9 Great Books on Wolves

Wolf Almanac, New and Revised: A Celebration Of Wolves And Their World

Robert Busch

In his preface, Robert Busch writes of his “...hope that the the book would serve to fill the gap between wolf myths and wolf reality with facts.” Written in an informative but accessible style, this widely respected book on wolves covers virtually all aspects of these magnificent creatures: their evolution, distribution, anatomy, behavior, and their impact on human culture. Busch then reviews the history of wolf-human interactions including the trapping for furs, hunting, conservation, and reintroduction programs. If you only own one book on wolves, Wolf Almanac should be it. Be sure to purchase the “new and revised” edition (2007); it includes new photographs, updated information on the wolves of Yellowstone, and a more recent survey of wolf status around the world.


National Geographic Readers: Wolves

Laura Marsh

The wolf book of choice for the 5- to 7-year-old set. If your reader is reading on their own, but not ready for longer, word-heavy, information-packed books, this is an excellent choice. The pictures are engaging, and the text is well presented. There are quizzes, graphics, and sidebars for facts to break up the reading. The information is accurate without being too simplified.


Wolf: Spirit of the Wild

Diana Landau

Full of sublime photography, expressive illustrations, accurate descriptions, and first person accounts, Wolf: Spirit of the Wild gets our vote for best coffee table book on the wolf. The book is not a reference; rather it explores all things “wolf.” Stories and myths about these noble creatures from around the world, poetry, interviews with wolf biologists, and first person accounts of wolves all combined with art reproductions and photography by preeminent wildlife photographers. The perfect gift for the wolf lover, but be careful when you get it - you might want to keep it for yourself.

 


National Geographic Kids Mission: Wolf Rescue: All About Wolves and How to Save Them

Kitson Jazynka

Suitable for the 9- to 12-year-old reader, this National Geographic Kids selection is a well-designed book that covers the wolf’s physical features,  social behaviors, pack structure, feeding habits, and habitats. Interviews with conservationists and field scientists, quality maps, cartoons, and exemplary photographs add to the engaging layout. There are “rescue” activities in each chapter that reinforce learning. The activities can be completed alone, in groups, or with an adult and vary in difficulty and complexity. What we like best about the book is the underlying lesson that everyone can make a difference and that science is something that one does, not something that you just read about. We recommend the library binding for its durability.
 


Never Cry Wolf: Amazing True Story of Life Among Arctic Wolves

Farley Mowat

Originally published in 1963, Never Cry Wolf is arguably one of the most humorous, widely-read, and effective conservation narratives ever written. This book changed popular opinion about the wolf from a despised predator in fairy tales to the majestic creature many consider them today. The Russian translation of the book led to a Soviet ban on wolf hunting in its natural habitat. Never Cry Wolf is a first-person memoir of a young game warden sent to the northern Canadian wilderness to study wolf depredation on caribou herds only to discover that the wolves eat only the weak and the old animals; that it was humans that were destroying the caribou herds. The book has been attacked for occasionally faulty science and anthropomorphizing wolves, and these critiques are probably accurate. Mowat has often said that he does not want the facts to get in the way of the truth. Do not read Never Cry Wolf for the science; rather read it for the compelling story and hilarious recounting of Mowat’s misadventures in the Canadian North. The writing style and tone make it appealing for teenagers as well as adults.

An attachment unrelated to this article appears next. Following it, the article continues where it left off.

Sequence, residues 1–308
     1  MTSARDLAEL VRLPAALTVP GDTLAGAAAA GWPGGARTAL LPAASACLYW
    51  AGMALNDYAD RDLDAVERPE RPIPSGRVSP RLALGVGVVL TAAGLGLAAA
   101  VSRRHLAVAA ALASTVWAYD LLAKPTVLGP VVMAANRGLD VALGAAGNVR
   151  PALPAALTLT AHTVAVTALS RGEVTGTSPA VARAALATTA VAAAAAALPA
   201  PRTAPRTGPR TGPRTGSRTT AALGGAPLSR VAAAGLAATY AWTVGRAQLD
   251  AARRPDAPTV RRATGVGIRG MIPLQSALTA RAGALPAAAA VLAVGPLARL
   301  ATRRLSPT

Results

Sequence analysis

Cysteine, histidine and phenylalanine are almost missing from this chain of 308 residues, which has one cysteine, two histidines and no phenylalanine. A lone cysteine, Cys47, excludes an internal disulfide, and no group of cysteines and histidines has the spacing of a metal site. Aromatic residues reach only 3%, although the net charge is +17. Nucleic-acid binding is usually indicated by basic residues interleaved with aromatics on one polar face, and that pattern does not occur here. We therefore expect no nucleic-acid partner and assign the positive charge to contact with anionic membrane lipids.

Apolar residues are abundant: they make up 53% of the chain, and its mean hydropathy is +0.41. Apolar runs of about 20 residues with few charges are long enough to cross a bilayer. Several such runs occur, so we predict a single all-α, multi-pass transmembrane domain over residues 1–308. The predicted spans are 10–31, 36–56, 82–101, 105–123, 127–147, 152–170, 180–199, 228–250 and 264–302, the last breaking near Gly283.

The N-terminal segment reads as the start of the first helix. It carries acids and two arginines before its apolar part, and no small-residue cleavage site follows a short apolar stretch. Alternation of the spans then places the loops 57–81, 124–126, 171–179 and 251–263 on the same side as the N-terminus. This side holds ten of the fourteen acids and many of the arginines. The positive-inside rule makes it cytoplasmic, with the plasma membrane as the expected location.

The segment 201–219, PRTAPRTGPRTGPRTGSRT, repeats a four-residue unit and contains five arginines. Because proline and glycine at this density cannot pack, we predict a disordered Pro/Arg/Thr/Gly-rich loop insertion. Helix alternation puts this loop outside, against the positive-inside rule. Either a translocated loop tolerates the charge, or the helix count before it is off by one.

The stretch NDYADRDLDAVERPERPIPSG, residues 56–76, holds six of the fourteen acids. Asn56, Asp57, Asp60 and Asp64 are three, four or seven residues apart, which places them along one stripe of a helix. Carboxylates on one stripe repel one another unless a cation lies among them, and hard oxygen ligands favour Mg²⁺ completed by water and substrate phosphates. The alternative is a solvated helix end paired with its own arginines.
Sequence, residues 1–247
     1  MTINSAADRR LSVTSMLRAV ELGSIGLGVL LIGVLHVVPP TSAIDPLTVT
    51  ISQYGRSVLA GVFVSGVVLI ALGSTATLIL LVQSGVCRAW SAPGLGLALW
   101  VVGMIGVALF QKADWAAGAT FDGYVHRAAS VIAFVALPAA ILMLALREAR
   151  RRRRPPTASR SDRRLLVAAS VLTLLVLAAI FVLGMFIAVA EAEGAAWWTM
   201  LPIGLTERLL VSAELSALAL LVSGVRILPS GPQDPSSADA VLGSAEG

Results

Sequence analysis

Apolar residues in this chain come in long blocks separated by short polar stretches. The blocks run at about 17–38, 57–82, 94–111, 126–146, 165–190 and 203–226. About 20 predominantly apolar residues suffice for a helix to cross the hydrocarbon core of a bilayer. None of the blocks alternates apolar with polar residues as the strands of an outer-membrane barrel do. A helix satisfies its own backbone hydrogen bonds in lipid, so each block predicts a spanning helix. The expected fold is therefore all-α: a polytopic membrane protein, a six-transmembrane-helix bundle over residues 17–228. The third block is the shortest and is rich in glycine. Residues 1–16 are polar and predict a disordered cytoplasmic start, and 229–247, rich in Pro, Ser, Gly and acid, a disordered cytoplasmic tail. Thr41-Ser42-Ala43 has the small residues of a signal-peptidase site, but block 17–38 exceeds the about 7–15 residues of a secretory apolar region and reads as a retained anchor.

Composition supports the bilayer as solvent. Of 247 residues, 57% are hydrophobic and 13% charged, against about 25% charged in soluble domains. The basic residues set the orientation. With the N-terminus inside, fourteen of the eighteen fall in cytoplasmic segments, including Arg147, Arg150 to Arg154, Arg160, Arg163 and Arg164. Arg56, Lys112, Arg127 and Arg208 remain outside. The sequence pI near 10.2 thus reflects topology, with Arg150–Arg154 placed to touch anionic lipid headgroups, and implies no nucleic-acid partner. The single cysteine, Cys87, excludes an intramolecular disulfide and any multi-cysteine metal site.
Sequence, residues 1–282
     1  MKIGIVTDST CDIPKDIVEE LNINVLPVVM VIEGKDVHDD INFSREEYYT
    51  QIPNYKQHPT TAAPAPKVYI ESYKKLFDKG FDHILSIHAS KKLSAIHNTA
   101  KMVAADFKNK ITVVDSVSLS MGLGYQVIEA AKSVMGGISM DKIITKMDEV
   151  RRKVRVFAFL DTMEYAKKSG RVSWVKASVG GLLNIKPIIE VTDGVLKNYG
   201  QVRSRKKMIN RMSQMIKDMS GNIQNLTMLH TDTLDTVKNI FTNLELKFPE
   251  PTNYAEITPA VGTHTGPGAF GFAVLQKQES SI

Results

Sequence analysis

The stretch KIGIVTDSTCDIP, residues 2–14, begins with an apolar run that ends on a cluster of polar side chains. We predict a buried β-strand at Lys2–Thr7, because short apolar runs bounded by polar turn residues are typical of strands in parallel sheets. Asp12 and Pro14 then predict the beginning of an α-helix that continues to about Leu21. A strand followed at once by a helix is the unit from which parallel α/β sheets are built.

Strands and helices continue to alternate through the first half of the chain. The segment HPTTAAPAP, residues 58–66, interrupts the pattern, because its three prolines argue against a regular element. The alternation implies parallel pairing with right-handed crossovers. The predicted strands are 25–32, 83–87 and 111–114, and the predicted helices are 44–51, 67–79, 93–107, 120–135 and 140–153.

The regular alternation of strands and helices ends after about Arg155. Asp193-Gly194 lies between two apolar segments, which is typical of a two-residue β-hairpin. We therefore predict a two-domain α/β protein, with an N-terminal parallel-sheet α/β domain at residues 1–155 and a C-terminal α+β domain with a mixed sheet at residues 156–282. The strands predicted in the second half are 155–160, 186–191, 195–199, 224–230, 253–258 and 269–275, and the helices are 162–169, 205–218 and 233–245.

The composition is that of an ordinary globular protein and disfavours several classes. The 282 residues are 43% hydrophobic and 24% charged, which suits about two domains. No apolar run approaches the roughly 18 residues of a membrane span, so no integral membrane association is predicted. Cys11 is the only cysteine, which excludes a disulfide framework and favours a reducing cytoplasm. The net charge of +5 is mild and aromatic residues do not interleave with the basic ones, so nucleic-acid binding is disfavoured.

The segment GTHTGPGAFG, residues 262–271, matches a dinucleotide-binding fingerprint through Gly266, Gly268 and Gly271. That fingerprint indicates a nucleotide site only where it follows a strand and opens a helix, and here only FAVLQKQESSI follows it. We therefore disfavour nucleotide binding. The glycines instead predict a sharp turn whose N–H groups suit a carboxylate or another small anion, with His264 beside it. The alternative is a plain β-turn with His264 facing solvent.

Face to Face with Wolves

Jim Brandenburg

Remarkable images by an award-winning photographer in a book targeted at the 7- to 10-year-old reader. The book is a paperback and only 32 pages, but no book we have seen better portrays arctic wolves in their natural habitat. Highly recommended as a “stocking stuffer” or small gift.

 

 


Wolves: Behavior, Ecology, and Conservation

L. David Mech and Luigi Boitani (Editors)

The definitive reference book on wolves at this time. The various chapter authors bring over 350 person-years of wolf research experience and knowledge to the book, and the editors are the preeminent wolf researchers in the world today. David Mech has been researching and writing about wolves for over 50 years. A bit like a dictionary, few readers will read the book from cover to cover, but anyone wanting comprehensive, accurate, and documented information on wolves needs this book. A more scholarly book than Wolf Almanac (above), Wolves consists of chapters written by experts on that subject. Of particular interest is the chapter on wolf behavior; much of what we thought we knew about pack dynamics turns out to be wrong. Highly recommended for anyone wanting to develop expertise about wolves.


A Wolf Called Romeo

Nick Jans

A true story about an extraordinary wolf that came to be known as Romeo. For seven years, this large black male wolf interacted with residents, and especially dogs, on the outskirts of Juneau, Alaska. Part personal narrative and part science primer on wolves, Jans leads us on a journey from fear to fascination to trust as wolf and humans come to know each other on the boundary of wilderness and civilization. Powerfully and emotionally told, the story of Romeo forces a reevaluation of our own behavior, both as a society and as individuals. A book for all nature lovers.